Africa

West Africa's chimpanzee population impacted by road construction: Study

The average population density of chimpanzee was lowest nearest the roads and peaked at the far away from them

 
By DTE Staff
Published: Tuesday 21 September 2021
West  Africa's chimpanzees impacted by road construction: Study
Photo: iStock

Construction of roads may have affected the chimpanzee population in West Africa, a new study found.

The impact on the primate population extended to about 17.2 kilometres from major roads (10 metre wide) and 5.4 km from minor roads (5 m wide), as stated in the report. 

Consecutive bands of 1-km width were added on either side of the roads. The average population density of the chimpanzees was lowest nearest the roads and peaked at the far limits. 

Only 4.3 per cent of the chimpanzee range was not impacted by existing roads. 

The study was led by the University of Exeter, the United Kingdom and covered wild western chimpanzees in Ghana, Guinea, Guinea Bissau, Ivory Coast, Liberia, Mali, Senegal and Sierra Leone. The findings were published in the journal Conservation Letters.

The road-effect zones (REZ) were defined as the distance beyond which chimpanzee density did not increase. REZ around major roads was over three times wider than a previous estimate of the average REZ for mammals.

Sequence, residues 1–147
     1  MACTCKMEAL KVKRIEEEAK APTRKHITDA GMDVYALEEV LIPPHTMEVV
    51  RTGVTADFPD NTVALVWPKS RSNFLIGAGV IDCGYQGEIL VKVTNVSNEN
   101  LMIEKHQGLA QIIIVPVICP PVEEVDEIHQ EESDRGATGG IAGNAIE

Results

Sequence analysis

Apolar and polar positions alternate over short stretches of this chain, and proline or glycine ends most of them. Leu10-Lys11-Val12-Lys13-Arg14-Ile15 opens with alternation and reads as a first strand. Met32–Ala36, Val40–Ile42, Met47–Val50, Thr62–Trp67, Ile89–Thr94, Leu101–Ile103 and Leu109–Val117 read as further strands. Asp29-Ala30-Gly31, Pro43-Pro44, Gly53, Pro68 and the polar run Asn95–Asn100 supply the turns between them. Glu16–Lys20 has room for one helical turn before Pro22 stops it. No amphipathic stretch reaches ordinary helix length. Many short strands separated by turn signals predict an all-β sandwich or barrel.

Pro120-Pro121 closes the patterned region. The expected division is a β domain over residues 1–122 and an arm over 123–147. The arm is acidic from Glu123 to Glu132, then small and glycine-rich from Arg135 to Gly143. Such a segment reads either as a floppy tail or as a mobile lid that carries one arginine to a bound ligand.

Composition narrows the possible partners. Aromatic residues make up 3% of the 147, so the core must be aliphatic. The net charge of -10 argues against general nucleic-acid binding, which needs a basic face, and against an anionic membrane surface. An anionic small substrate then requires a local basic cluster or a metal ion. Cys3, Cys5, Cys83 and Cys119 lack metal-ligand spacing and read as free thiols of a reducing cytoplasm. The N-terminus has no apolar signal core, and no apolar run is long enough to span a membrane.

There are 41,925 km of major roads and average density of the western chimpanzee first peaked at 17 km from the closest major road, the study found.

There are 206,110 km of minor roads within the chimpanzee range. Average chimpanzee density values first peaked at 5 km from the closest minor road. 

The western chimpanzee population has declined by 80 per cent in the last 20 years and is currently classified as critically endangered in the International Union for Conservation of Nature’s Red List. 

Among 33 development corridors in Africa, four — Lamu Port-South-Sudan Ethiopia Transport corridor in Kenya, Beira and Nacala corridors in Mozambique and the Southern Agricultural Growth Corridor in Tanzania — will cut through western chimpanzee habitats.

Nearly 40 per cent western chimpanzees live within 5 km of a human settlement and nearly 60 per cent within 5 km of a road. Roads expose the habitats of these primates to mining, logging, agriculture and hunting, the report noted. 

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